Earlier this week at ThomRainer.com:
- Seven Ways Being Nice Hurts Your Church
- Eight Keys for Church Christmas Services – Rainer on Leadership #380
- Eight Ways Churches Can Leverage the Ubiquity of Smartphones
- Four Kinds of Leaders Who Will Not Successfully Lead a Church Revitalization – Revitalize and Replant #013
- Why (Mostly) Healthy Churches Should Consider Acquiring a Dying Church – Revitalize & Replant #014
- Five Problems Caused by Short Pastoral Tenure – Rainer on Leadership #381
The vast majority of churches are not effective evangelistically. This truth is hard because of what God desires of His church. The church is not a destination for crowds but rather a vehicle to take gospel-sharing people to the ends of the earth. Evangelism is falling off the radar for many churches. The solution is simple: Church leaders must show the way by being more intentional about evangelism and talking about these efforts. We need to say and do intentional evangelism.
Why are we afraid to ask others for help? We are fallen. We are not 100% totally secure in who we are or who He is. Therefore, we give others more say than God would have us to give. It is called fear of man. While fear of man can take on many forms, here are three specific areas of ministry where it rears its ugly head nearly every time and how I am learning to deal with it.
While there is nothing magical about the number, many have used the “first 90 days” to describe the important first days in a leader’s new role. In his helpful book The First 90 Days, Michael Watkins encourages leaders to adjust their leadership to the context and life cycle of the organization: start-up, realignment, sustaining success, or turnaround. As an example, leading in a start-up or turnaround requires a very different approach than a seasoned and sustainable organization. But no matter what context you find yourself in, there are six common mistakes you can avoid during your first ninety days.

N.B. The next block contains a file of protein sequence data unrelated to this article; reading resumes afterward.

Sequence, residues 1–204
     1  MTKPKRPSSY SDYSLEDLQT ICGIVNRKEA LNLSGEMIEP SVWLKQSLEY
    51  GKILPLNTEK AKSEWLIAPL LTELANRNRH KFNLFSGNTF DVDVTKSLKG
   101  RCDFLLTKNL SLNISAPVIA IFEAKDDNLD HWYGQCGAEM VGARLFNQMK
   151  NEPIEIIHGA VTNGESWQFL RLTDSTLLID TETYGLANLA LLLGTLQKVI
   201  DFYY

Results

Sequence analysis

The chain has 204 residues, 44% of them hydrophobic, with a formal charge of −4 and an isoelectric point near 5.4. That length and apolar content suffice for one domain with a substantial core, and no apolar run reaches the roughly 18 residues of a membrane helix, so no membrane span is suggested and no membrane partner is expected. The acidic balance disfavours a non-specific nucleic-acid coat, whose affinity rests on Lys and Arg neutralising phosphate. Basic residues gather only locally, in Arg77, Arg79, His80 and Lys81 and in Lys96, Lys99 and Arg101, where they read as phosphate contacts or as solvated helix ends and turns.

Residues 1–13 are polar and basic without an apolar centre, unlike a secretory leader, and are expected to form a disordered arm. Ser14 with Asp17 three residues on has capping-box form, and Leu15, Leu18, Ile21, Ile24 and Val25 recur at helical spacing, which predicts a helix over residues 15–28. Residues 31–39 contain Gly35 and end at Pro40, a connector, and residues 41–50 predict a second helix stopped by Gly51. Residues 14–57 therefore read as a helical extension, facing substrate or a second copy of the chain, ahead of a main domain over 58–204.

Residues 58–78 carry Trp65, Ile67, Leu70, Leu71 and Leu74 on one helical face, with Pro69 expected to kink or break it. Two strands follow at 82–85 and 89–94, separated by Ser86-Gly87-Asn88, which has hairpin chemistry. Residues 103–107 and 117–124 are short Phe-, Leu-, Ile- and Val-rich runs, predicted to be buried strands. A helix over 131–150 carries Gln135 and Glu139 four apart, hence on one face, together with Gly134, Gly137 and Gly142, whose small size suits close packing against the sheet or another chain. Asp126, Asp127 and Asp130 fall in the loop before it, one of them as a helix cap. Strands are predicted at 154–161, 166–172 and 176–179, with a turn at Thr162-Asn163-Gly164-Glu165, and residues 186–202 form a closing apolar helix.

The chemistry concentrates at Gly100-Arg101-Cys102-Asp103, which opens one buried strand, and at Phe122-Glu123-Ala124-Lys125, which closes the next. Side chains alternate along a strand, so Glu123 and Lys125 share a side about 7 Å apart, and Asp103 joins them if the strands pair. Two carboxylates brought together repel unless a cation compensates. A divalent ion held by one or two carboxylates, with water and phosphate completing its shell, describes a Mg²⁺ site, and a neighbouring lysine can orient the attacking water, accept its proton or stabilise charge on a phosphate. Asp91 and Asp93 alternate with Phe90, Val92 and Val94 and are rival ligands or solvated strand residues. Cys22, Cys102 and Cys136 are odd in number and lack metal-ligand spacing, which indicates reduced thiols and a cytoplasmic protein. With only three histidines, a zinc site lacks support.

Do pastors get to pass GO and collect $200 when it comes to exercise? Are these excuses valid? Below are four reasons pastors—and all Christians—should consider exercise as a regular part of their weekly activities.
I make no claim that pastors are perfect people. We mess up. We can be arrogant and uncaring at times. At the same time, though, most pastors I know are genuine, faithful followers of God who love their congregations. They’ve learned, too, that the work of pastoral ministry often carries heartache with it. Here are some of those aches:
Southern Baptists already have 65,000 trained volunteers; the Southern Baptist Convention’s (SBC) disaster response is so massive it financially trails only the Red Cross and the Salvation Army—and has more trained disaster relief volunteers than either one.